Tuesday, December 18, 2007

Third Academy Awards

The 3rd Academy Awards were awarded to films completed and screened in 1929/1930 on November 5th 1930, in the Ambassador Hotel, Los Angeles. For the third and last time, the statuettes are made of bronze castings with 24k gold plating. Later statuettes are all made of britannium.

The Best Picture award went to All quiet on the western front, based on the Erich Maria Remarque novel All Quiet on the Western Front. It was directed by Lewis Milestone, also winning an Oscar for Best Director, and stars Louis Wolheim, Lew Ayres, John Wray, Arnold Lucy and Ben Alexander.Released in 1930, it is considered a realistic and harrowing account of war and World War I, and was named #54 on the AFI's 100 Years... 100 Movies. Also, in 1990, this film was selected and preserved by the United States Library of Congress' National Film Registry as being deemed "culturally, historically, or aesthetically significant."

The Best Actor award went to George Arliss for his portrayal of Benjamin Disraeli. He began his film career with The Devil (1921), followed by Disraeli and four other silent films. Today, only The Devil and The Green Goddess (1923), based on Arliss's hit stage play of the early 1920s, are known to have survived. He remade Disraeli (1929) in sound (and won the Academy Award), converting successfully at the age of 61 from a star of the legitimate theater, then silent films, to the talkies. Also he was the first British actor to win the Oscar.

The Best Actress Oscar was awarded to Norma Shearer for her role in The Divorcee. Shearer was one of the most popular actresses in the world from the roaring 20s until her retirement in 1942. Her early films cast her as the girl-next-door, but after her 1930 film The Divorcee, she played sexually liberated women in sophisticated contemporary comedies and dramas, as well as several historical and period films.she began her career as a fashion model and film extra in 1920, but later that year, she received her first supporting part in The Stealers, attracting the attention of a young producer named Irving Thalberg, whome she would later marry and have two children with. Shearer was nominated for an Academy Award for Best Actress on six occasions, winning for her role in The Divorcee in 1930. She was nominated the same year for her role in Their Own Desire, in 1931 for her role in A Free Soul, in 1934 for The Barretts of Wimpole Street, in 1936 for Romeo and Juliet, and in 1938 for Marie Antoinette which was reportedly her favorite role. Reportedly she had an ongoing fued with Joan Crawford over stardom throughout that decade. After Thalberg's death of pneumonia in 1936 Shearer embarked on a string of romances with then unmarried actors. In 1942, after passing up roles in Gone With the Wind and Mrs. Miniver, and public indifference to her last few films, Shearer retired from acting.Later that year, she married Martin Arrougé (March 23, 1914 - August 8, 1999), a former ski instructor twelve or fourteen years her junior. Confounding the skeptics, they were still happily married at the time of her death (from pneumonia and Alzheimer's disease) at 82 years old.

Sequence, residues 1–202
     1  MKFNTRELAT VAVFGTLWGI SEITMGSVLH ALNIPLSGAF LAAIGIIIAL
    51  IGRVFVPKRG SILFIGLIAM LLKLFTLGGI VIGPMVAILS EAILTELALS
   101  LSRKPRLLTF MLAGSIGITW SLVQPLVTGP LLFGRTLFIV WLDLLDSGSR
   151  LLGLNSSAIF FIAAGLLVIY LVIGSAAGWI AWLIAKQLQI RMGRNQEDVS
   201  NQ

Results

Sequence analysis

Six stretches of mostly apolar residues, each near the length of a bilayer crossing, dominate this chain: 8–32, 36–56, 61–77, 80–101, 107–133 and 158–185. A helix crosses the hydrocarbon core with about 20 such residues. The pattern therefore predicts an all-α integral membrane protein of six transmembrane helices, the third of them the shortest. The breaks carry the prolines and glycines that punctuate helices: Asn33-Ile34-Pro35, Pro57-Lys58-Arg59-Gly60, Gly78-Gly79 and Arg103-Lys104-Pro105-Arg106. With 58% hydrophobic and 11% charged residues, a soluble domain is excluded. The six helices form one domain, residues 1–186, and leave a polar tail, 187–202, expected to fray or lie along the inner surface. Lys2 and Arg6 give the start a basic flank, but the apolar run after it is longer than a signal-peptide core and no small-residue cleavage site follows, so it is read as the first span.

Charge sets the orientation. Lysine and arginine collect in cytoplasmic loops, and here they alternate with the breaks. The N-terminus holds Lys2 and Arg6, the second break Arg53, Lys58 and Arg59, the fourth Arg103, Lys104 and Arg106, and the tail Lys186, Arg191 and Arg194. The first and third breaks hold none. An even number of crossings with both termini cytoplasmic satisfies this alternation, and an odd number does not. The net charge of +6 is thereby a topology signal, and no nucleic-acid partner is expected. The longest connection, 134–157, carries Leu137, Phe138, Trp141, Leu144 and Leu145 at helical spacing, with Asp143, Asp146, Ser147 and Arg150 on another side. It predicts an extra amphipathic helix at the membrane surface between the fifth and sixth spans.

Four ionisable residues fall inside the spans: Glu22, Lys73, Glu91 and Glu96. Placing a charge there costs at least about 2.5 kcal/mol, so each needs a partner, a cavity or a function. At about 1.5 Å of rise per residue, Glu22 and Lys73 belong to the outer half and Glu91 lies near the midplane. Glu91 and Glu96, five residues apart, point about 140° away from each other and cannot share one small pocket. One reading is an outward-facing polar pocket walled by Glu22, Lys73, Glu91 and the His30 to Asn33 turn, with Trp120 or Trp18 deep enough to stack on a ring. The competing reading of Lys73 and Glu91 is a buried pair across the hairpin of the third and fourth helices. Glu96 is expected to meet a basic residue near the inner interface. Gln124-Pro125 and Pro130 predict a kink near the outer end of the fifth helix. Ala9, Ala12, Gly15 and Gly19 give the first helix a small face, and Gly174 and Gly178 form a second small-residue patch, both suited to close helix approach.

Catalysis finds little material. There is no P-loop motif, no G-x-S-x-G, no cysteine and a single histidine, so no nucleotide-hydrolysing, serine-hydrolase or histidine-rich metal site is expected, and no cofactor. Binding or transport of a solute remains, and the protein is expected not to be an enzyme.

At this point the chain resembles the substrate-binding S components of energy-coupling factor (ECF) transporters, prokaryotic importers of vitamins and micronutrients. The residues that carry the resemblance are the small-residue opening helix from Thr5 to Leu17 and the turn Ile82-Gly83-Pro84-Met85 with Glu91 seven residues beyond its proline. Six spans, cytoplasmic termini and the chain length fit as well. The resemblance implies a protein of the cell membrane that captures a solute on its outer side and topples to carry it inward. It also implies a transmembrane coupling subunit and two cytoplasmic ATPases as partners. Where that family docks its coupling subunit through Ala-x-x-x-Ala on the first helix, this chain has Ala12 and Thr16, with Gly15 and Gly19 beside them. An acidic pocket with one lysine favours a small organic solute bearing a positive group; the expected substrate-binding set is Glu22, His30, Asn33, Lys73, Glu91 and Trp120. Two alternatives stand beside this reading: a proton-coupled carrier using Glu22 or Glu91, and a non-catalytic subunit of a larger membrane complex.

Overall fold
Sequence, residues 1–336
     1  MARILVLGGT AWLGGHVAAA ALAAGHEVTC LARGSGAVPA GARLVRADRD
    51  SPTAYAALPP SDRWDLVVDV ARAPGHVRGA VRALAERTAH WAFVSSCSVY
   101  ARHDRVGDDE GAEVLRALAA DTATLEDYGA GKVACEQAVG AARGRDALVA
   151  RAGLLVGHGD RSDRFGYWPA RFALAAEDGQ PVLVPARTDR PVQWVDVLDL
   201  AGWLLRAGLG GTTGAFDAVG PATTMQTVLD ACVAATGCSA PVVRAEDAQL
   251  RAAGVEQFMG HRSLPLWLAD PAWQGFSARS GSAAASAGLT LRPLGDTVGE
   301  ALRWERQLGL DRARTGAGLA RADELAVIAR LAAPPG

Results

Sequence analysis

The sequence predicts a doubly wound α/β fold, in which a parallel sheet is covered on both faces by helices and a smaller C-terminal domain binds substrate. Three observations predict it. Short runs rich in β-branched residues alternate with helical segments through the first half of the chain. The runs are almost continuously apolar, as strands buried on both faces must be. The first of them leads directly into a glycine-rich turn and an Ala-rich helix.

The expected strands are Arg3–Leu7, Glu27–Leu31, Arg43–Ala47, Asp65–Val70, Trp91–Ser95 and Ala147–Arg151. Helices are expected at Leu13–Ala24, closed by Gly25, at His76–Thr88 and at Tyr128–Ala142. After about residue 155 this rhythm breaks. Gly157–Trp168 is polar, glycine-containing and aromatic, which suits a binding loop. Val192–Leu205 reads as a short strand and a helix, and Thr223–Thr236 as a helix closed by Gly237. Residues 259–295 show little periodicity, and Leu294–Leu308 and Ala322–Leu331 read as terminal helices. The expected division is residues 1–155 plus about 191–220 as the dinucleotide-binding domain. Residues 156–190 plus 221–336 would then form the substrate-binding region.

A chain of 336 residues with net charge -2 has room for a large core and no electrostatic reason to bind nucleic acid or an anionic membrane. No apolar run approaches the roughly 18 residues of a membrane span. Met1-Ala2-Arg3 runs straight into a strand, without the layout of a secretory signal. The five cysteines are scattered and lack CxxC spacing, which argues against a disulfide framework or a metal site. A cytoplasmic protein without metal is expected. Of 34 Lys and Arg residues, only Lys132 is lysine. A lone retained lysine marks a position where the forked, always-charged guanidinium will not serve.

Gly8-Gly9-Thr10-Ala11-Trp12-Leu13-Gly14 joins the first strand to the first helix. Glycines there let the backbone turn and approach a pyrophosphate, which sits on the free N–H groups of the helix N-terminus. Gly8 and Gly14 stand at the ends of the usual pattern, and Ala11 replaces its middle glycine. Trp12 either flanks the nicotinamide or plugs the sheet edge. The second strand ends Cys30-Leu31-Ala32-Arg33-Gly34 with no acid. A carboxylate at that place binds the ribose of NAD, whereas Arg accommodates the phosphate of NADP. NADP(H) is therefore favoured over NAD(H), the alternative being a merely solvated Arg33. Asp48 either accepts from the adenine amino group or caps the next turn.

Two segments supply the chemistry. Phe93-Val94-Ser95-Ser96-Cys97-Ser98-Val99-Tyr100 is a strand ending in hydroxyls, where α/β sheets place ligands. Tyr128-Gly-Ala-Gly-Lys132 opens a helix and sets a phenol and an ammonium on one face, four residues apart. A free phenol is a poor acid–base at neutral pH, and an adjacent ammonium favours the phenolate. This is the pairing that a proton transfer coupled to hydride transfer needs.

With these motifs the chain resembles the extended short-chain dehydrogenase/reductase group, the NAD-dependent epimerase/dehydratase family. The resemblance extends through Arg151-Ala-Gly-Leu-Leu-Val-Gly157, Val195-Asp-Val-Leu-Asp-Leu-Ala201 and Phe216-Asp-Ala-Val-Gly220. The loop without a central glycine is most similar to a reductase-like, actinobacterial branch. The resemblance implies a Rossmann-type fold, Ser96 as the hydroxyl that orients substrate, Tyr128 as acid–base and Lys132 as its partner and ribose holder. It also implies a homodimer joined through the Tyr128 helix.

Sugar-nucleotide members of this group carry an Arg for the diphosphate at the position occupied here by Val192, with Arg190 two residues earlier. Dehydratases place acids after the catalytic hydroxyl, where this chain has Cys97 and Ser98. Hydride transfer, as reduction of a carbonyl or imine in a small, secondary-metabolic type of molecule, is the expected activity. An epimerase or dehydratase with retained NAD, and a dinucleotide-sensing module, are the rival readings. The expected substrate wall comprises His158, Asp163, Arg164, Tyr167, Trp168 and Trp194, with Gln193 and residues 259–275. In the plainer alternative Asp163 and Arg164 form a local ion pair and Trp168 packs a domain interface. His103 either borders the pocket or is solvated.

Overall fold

The awards were hosted by Conrad Nagel a successful American screen actor and matinee idol of the silent film era and beyond. He was also a well known television actor and radio performer.In 1940, Nagel was given an Honorary Academy Award for his work with the Motion Picture Relief Fund. He was the host of the 3rd Academy Awards ceremony held on November 5, 1930, the 5th Academy Awards on November 18, 1932, and a co-host with Bob Hope at the 25th Academy Awards ceremony on March 19, 1953. The 21-year gap between his appearances in 1932 and 1953 is a record for an Oscar ceremonies host.

No comments: